Super Crime Fighter
National Motor Vehicle Title Information System (NMVTIS) Provides Crucial Support in Combating Vehicle-Related Crime

Automobile fraud and theft negatively impact public safety and often result in tremendous financial loss to the public. Fraud involving vehicles is a profitable business for criminals and heavily burdens consumers. In 2009, nearly one million vehicles were stolen nationwide at an estimated value of $5.2 billion, according to the Uniform Crime Report, while consumers and insurance companies lost nearly $8 billion per year from auto theft, as reported by the National Insurance Crime Bureau.

Criminal investigations have shown that those involved in domestic auto theft enterprises often perpetrate violent crimes, such as homicide, drug trafficking, human trafficking, and terrorism. To help combat vehicle-related crime, the National Motor Vehicle Title Information System (NMVTIS) was created to promote information sharing among state Division of Motor Vehicles (DMVs) as well as federal, tribal, state, and local law enforcement personnel. Operational since 2009, NMVTIS is the only national information system that requires junk and salvage industry reporting. The system is designed to protect consumers from fraud and unsafe vehicles and to prevent stolen vehicles from being resold. NMVTIS also assists law enforcement in deterring and preventing title fraud, Vehicle Identification Number (VIN) cloning, and other crimes.

The Role of NMVTIS
The Anti-Car Theft Act of 1992 established NMVTIS as a national information system enabling states and others to access automobile titling information. The U.S. Department of Justice (DOJ) has had responsibility for the oversight and operation of NMVTIS since 1996. As part of that role, DOJ’s Bureau of Justice Assistance (BJA) is responsible for enforcing civil fines on junk and salvage yards, towing operators, insurance carriers, and others who fail to report on a monthly basis, as required. Failure to report to NMVTIS is punishable by a civil penalty of $1,000 per violation; therefore, a failure to report 100 junk or salvage automobiles could result in a civil fine of up to $100,000. All fines collected under NMVTIS are turned over to the U.S. Treasury.

NMVTIS Enforcement Activities
BJA provides the field with information on NMVTIS reporting requirements, the methods for reporting, and the penalties for non-reporting. BJA is coordinating its efforts with the National Highway Traffic Safety Administration (NHTSA), the Federal Bureau of Investigation (FBI), and state and local law enforcement to identify and investigate NMVTIS reporting violations.

Enforcement efforts include
Outreach – BJA undertook a major NMVTIS education campaign with mass mailings for the junk/salvage/recycler and insurance industries. In 2010, over 20,000 letters were sent to NMVTIS reporting entities. This was followed by a targeted mailing to auto insurance underwriters across the country. BJA will continue these efforts, including targeted outreach to the towing and used automobile industries and other sectors that process junk and salvage vehicles.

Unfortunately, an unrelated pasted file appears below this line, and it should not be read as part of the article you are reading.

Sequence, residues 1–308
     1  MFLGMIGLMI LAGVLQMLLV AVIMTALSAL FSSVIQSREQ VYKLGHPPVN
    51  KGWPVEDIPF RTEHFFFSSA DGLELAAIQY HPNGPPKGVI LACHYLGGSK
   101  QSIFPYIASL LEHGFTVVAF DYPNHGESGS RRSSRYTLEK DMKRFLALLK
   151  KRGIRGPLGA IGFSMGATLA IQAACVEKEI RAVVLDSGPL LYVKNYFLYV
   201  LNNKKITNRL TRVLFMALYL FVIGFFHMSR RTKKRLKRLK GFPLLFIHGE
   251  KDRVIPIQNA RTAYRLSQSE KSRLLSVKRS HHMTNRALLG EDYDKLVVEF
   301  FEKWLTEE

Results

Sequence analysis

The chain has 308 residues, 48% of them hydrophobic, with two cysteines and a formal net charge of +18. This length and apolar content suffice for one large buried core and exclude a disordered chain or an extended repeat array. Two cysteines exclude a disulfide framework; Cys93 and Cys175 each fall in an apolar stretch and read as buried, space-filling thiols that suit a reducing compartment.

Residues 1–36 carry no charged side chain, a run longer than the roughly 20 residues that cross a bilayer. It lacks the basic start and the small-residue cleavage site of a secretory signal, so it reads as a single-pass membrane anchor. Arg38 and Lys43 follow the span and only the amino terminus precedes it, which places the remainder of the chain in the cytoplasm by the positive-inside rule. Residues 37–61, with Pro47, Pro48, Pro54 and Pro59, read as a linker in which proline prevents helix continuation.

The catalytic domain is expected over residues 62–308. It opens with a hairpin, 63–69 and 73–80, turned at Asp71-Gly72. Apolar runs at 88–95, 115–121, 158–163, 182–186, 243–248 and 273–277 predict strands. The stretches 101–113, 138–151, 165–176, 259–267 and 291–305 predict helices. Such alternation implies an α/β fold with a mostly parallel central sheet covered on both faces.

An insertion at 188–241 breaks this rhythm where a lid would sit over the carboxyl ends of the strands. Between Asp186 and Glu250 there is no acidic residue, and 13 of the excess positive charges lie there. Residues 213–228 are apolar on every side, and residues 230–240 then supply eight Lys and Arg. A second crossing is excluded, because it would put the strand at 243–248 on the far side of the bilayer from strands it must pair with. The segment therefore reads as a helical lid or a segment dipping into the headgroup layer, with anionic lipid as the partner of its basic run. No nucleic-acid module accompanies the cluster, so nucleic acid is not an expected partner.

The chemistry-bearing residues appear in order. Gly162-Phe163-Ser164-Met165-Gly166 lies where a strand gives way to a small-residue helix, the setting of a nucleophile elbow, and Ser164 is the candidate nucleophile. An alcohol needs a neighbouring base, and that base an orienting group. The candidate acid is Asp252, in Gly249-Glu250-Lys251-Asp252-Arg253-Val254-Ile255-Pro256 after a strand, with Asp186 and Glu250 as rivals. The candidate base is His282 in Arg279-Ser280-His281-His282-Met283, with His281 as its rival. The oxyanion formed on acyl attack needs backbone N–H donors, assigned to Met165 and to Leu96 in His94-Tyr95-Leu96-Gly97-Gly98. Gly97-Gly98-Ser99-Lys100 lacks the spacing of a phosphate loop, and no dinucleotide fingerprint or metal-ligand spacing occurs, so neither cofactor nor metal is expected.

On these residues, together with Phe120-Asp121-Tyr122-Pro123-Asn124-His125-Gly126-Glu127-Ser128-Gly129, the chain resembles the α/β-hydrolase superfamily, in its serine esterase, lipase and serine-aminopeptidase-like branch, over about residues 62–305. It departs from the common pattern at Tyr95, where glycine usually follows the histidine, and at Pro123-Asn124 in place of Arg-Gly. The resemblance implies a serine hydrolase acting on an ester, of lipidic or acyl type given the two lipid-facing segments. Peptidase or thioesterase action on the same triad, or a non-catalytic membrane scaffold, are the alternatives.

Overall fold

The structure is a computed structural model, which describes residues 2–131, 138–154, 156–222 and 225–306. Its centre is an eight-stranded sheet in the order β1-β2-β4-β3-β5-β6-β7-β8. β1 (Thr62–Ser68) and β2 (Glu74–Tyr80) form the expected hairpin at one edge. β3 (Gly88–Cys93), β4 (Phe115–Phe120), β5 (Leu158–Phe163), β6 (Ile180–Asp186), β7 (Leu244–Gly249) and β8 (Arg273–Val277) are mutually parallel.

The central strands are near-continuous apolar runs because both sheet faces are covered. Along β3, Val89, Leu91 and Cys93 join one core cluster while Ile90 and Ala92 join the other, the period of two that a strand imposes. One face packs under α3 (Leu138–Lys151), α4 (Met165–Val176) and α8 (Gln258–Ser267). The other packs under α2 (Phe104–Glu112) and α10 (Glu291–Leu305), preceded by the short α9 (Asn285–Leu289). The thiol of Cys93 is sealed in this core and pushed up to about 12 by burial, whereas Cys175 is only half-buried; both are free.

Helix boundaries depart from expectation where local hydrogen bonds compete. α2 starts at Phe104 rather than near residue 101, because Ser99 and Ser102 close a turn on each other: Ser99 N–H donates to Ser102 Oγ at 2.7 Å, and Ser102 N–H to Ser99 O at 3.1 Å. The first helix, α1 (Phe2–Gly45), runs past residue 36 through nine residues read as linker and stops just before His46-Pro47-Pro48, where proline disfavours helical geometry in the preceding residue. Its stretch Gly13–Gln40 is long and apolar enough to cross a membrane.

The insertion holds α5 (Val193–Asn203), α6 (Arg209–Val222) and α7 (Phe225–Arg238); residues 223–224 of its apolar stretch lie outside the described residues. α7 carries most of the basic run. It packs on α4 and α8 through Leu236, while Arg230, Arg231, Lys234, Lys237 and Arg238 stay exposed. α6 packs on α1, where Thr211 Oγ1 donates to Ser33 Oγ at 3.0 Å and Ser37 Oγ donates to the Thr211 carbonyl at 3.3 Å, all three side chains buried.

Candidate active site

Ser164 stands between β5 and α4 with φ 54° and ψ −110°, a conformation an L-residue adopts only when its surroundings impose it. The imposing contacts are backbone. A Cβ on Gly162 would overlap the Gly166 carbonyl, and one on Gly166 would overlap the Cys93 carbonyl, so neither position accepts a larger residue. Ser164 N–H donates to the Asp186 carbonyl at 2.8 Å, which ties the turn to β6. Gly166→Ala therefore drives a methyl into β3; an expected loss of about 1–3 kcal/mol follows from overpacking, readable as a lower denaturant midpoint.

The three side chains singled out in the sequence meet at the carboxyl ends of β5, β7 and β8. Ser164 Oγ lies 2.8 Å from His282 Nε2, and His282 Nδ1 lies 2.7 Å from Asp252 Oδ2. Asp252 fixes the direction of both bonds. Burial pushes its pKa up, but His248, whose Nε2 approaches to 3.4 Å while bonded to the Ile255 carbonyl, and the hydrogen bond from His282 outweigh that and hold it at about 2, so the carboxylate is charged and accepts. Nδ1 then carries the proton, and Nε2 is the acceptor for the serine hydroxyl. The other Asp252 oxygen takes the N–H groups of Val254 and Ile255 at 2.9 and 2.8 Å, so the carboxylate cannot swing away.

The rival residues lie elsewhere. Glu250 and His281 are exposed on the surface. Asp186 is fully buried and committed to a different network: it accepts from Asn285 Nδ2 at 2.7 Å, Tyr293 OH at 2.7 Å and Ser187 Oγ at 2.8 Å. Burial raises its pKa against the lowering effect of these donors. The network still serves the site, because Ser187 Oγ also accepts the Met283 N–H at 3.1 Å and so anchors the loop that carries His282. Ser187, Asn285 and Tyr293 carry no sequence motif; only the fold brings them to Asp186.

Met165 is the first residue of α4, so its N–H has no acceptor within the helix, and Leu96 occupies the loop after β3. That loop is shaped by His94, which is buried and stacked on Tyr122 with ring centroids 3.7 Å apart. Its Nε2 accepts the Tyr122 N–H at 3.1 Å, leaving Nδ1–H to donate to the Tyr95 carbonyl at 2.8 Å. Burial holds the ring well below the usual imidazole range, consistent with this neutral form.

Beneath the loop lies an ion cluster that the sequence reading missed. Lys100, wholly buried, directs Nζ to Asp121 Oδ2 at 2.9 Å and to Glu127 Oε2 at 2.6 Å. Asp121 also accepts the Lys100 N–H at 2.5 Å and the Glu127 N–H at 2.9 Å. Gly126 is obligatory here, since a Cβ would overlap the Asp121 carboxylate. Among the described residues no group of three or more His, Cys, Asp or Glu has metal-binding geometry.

Regardless of which industry a company may operate, if that company is in the business of owning or acquiring five or more junk or salvage vehicles per year for resale (in their entirety or for spare parts), rebuilding, restoration, or crushing, it is required to report to NMVTIS.

Site Visits – On-site inspections of junk/salvage/recycler facilities have occurred in Delaware, Maryland, New Jersey, New York, Pennsylvania, and Virginia. In addition, BJA continues to coordinate with NHTSA inspectors from across the country to facilitate enforcement of NMVTIS reporting in all 50 states.

Office-based Monitoring – NMVTIS records are regularly monitored to identify non-reporting entities. This includes reviewing auction and insurance industry submissions to determine which businesses have not submitted timely reports. Once identified, non-reporting businesses are contacted by phone and a 30-day non-reporting notice is mailed. If the required NMVTIS entries are not made in a timely manner, civil penalties are pursued. To date, non-reporting notices have been sent to businesses in 30 states and these efforts resulted in approximately 100,000 additional vehicles being reported to NMVTIS.

Non-reporting Referrals – A non-reporting referral process has been developed to enable the general public to use the NMVTIS website to send confidential e-mails concerning non-reporting companies. Referrals are reviewed, and if necessary, appropriate follow up enforcement actions taken. To date, BJA has over 100 active referrals in 23 states.

Any member of the public, who wishes to notify DOJ of an entity that is not currently reporting, can e-mail and include “Non-reporting Referral” in the subject line of the message. For answers to general NMVTIS questions, please visit the NMVTIS website and refer to the Frequently Asked Questions section at

The Department of Justice respectfully requests that if any individual or organization disseminates this article to members and interested parties, then the entire article should be provided

Click to download the full July/August issue in PDF format

Membership Software By: